Thank God for FRENCH-WORD-A-DAY - or I would never know what is going on in your life. Get out and play, don't sit snuggled in a blanket and write - experience all of the fresh air and beauty...take lots of photo's. Are the kids skiing? I know I have told you before - get up on the mountain with them. I taught you to ski when we lived in Aspen and you were about 9 years old. You can do this. Please continue to communicate with me here in comments if you are not posting 'real-time' on Monday. I can't go an entire week on re-runs...



Cheryl M

How I love reading Marie-Francoise's lettre! Kristin, thank you for sharing your family with all of us. And Jules, bon voyage et bon sejour! I'm looking forward to seeing what you'll paint this time.

Cheryl--the se in se promettre is an indirect object so there is no agreement. You make a promise TO someone.


K, merveilleux--des vacances dans l'Alpes. Le plus important, faites simplement cela qui vous rend heureux, savor les moments entourés votre cher famille. Demain, ici en Virginie, peut-être, une promenade en nos petites mais antiques montagnes, via The Trail Appalachian qui traverse notre ville, mon mari et moi et Maxie le Chien. La vie est bonne ! Merci encore de tous vous faites pour nous, amoureux de la belle France.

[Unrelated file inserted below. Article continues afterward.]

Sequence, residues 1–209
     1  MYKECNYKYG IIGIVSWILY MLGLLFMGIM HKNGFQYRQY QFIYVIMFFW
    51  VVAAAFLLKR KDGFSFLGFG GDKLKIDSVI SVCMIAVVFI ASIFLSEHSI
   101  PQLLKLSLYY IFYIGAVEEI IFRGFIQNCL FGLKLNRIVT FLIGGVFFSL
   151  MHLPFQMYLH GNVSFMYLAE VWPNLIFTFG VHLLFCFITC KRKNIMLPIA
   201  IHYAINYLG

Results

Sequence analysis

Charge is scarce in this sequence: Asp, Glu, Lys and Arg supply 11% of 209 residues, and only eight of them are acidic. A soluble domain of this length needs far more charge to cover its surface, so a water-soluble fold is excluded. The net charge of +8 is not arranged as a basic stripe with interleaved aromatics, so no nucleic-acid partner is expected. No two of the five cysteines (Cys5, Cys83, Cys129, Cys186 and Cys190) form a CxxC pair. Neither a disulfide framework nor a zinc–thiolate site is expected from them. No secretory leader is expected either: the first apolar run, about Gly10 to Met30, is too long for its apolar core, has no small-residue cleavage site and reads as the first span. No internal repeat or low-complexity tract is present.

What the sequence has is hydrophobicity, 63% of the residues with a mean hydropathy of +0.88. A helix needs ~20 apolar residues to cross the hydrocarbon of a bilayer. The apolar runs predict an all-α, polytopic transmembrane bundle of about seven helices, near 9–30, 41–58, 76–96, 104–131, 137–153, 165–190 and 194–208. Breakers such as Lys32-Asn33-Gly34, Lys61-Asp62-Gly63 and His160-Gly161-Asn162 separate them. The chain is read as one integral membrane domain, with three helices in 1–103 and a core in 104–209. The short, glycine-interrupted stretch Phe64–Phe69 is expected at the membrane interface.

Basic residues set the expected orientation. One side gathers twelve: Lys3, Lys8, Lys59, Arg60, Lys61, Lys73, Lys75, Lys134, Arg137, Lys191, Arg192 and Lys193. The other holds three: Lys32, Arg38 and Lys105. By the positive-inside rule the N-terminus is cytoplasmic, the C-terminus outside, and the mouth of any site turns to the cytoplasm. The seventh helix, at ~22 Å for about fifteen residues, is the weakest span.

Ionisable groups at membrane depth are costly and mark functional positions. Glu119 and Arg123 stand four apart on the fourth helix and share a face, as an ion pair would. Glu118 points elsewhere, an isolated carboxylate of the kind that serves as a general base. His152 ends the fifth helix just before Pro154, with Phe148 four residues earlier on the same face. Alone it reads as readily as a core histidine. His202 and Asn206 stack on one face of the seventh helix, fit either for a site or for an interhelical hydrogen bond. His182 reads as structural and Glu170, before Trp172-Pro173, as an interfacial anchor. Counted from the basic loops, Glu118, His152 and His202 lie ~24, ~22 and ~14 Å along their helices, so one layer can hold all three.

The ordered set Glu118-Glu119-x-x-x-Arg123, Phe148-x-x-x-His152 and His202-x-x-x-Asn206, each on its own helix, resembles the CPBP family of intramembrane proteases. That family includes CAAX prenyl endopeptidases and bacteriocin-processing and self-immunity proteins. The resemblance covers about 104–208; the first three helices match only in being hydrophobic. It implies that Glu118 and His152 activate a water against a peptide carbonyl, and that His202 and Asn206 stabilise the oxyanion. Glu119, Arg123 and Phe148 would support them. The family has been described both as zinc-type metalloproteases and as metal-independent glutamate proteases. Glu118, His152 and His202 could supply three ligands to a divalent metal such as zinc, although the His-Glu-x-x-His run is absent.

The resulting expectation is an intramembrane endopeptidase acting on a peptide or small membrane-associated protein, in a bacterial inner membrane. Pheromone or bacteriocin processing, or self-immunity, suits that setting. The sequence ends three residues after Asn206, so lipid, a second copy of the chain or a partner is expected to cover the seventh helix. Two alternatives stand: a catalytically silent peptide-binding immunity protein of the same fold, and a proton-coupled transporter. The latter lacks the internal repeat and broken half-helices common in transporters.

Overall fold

A matter of geometry:
"La symétrie" = 'symmetry'

The word in question:
"asymétrique" = 'asymmetric' (NOT assymetric)

Dear Kristin,

I just read your post and realised that once the panick was over and the newsletter completed, the next move was your journey to the Alps, without any delay! The children must have been impatient to leave! No time for you to check and recheck the translation. You had all the good excuses in the world to overlook the 'asymmetric' curbs of Mont Ventoux. Anyway, at that moment, your eyes wouldn't have detected the redundant "s" and the missing "m". When the French "symétrie" and the English 'symmetry' fill your eyes at the same time, I can easily imagine the visual trick... I copied and pasted the word in my post and have no excuse for omitting the correction at the time!